Pope John XXI, Portuguese: Papa João XXI, born Pedro Julião (Latin, Petrus Iulianus (c. 1215 – May 20, 1277), a Portuguese also called Pedro Hispano (Latin, Petrus Hispanus), was Pope from 1276 until his death about eight months later. He was the only Portuguese Pope, although Damasus I can also be considered Portuguese, as he was born in territory that is nowadays in Portugal, and Paul IV also had a Portuguese maternal grandmother.
He was also a physician, being the only Pope ever to be so.
The previous Pope named John was Pope John XIX (1024–32) there was no Pope John XX.
Pedro Julião, born between 1210 and 1220, was probably born in Lisbon. He started his studies at the episcopal school of Lisbon Cathedral, and later joined the University of Paris, although some historians claim that he was educated at Montpellier. Wherever he studied, he concentrated on medicine, theology, and Aristotle's dialectic, logic, physics and metaphysics.
From 1245 to 1250 he became known as Pedro Hispano (because he came from Hispania, the Iberian Peninsula) and taught medicine at the university of Siena, where he wrote the Summulae Logicales, a reference manual on Aristotelian logic that remained in use in European universities for more than 300 years (see Peter of Spain for some controversies). He became famous as a university teacher, then returned to Lisbon. In the courts of Guimarães he was the councilor and spokesman of the king Afonso III of Portugal (1248–79) in church matters; later, becoming prior of Guimarães. He tried to become Bishop of Lisbon, but he was defeated. Instead, he became the master of the school of Lisbon. A notable philosopher, he was also the responsible for the creation of the Square of opposition.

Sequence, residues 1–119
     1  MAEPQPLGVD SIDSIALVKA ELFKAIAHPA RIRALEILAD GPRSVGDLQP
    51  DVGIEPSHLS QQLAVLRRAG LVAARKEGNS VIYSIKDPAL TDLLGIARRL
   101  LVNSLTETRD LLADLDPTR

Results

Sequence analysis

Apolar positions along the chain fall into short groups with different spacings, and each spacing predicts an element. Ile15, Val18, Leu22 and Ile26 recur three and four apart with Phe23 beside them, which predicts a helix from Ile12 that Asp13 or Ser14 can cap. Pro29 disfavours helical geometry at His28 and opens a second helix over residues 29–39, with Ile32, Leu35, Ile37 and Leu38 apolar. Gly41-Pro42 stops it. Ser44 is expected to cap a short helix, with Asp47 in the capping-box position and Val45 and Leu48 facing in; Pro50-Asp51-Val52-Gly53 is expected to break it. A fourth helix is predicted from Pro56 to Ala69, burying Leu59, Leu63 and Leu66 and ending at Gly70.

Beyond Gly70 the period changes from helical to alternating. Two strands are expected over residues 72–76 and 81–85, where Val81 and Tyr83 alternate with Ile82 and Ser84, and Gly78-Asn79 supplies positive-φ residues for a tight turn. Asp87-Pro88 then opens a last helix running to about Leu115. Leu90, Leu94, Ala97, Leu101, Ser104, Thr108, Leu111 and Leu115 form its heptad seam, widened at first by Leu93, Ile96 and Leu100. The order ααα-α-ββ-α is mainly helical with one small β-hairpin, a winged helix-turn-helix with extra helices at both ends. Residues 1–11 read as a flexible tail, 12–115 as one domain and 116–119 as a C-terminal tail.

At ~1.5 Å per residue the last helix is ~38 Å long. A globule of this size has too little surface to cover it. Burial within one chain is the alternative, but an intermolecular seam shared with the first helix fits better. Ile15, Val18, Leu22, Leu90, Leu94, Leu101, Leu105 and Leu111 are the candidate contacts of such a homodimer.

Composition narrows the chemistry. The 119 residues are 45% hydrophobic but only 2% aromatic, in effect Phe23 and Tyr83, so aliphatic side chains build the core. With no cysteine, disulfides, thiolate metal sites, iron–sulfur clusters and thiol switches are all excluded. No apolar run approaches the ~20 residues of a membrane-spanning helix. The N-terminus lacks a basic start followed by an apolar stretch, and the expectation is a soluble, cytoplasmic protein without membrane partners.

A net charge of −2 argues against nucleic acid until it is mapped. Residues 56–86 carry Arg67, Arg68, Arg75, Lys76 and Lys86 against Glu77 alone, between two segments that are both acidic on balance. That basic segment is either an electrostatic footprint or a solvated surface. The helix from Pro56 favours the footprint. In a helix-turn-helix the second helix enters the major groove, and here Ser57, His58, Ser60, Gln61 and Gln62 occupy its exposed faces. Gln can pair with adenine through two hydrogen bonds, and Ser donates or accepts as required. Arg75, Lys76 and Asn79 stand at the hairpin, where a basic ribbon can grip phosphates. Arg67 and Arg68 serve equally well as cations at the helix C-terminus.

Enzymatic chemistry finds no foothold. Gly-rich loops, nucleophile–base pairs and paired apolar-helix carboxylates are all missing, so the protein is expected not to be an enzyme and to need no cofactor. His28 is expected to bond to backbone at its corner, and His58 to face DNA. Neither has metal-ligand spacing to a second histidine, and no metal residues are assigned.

Pedro became the physician of Pope Gregory X (1271–76). In March 1273 he was elected archbishop of Braga, but did not assume that post because on June 3, 1273 Gregory X created him Cardinal-Bishop of Frascati.
Papacy and death
After the death of Pope Adrian V, on August 18, 1276, Pedro Hispano was elected Pope at the conclave of cardinals on September 13, and he was crowned a week later. One of John XXI's few acts during his brief rule was to reverse the decree recently passed at the Second Council of Lyon (1274), which not only confined cardinals in solitude until they elected a successor Pope, but also progressively restricted their supplies of food and wine if their deliberation took too long.
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